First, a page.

For most homeowners, equity is one of the most valuable assets, but sometimes your home may be too expensive to maintain. If your plan is to rely on home equity for income in retirement years, such as using a reverse mortgage, now may be the right time to downsize. Property taxes and maintenance costs may even be lower. Work with a real estate agent so you can sell your current home for the most money possible.
7) You have the option to live anywhere
The beauty of retirement is that you’re no longer tied to one location and can choose to live wherever your heart desires. This gives you the opportunity to look all across the US housing market for neighborhoods with the lowest property taxes, utilities, sales taxes, and more. So, if you’re wanting to sell your home in Vancouver, BC, and escape to sunny Sacramento, CA, or if you’re looking to be closer to family, the world is now your oyster.
8) Consider downsizing your home when several rooms go unused
It may feel like just yesterday when three bathrooms didn’t feel like enough, or when your grandchildren’s toys somehow managed to take over the entire house. At those times, you probably longed for a larger house to control the chaos. But, if any of the rooms that were once used are now rarely opened, it doesn’t make sense to pay to heat, cool, and light them. Saving money on utilities and property taxes are just a couple more reasons to think about downsizing your home.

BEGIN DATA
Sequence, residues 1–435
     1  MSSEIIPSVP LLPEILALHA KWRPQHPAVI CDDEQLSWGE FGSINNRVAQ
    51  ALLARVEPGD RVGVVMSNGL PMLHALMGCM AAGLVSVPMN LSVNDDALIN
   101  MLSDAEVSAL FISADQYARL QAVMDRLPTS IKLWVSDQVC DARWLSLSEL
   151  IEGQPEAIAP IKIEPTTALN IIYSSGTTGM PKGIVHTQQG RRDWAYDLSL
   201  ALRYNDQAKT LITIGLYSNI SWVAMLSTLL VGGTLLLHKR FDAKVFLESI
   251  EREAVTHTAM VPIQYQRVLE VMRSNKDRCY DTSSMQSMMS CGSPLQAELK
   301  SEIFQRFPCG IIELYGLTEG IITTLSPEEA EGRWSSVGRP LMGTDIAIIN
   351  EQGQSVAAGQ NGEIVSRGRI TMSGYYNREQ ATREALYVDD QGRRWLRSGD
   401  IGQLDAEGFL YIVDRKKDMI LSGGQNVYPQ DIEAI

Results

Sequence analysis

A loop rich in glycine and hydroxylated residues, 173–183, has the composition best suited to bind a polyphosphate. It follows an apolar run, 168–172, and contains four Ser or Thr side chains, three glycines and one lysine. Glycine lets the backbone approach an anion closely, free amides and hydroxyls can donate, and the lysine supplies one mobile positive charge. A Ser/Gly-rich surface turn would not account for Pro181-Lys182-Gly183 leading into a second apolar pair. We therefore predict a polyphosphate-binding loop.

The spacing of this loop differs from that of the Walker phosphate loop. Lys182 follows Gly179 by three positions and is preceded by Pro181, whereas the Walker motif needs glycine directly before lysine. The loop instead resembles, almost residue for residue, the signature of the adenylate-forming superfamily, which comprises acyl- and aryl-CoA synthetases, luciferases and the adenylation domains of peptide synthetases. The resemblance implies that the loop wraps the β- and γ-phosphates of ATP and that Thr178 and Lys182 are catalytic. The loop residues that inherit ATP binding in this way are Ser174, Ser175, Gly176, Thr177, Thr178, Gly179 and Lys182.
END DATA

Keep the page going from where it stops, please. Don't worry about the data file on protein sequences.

Types of housing options for downsizing your home
So, if you’ve decided that now is the right time to downsize, it’s important to consider a number of factors while choosing between housing options. Mobility and ability restrictions, caregiving needs, location, and budget all play a large role. When you’re downsizing your home, it’s important to find a place that meets both your current needs as well as your future ones. Here are four main housing options to consider when downsizing your home.
- Buy or rent a single-family house or one-story condo. With home modifications applied as necessary, like bathroom grab bars or adding anti-slip mats throughout the home, you’ll be able to live independently for longer. If you’re still relatively independent or can get the level of help you need, perhaps meal delivery, cleaning services, or with the help of an in-home caregiver, staying at home can be a good option.
- Move in with a loved one. Being close to children and grandchildren not only creates a stronger bond with them, but it can also give you peace of mind in case any health concerns come up. Want more alone time? Consider adding a tiny home to the backyard.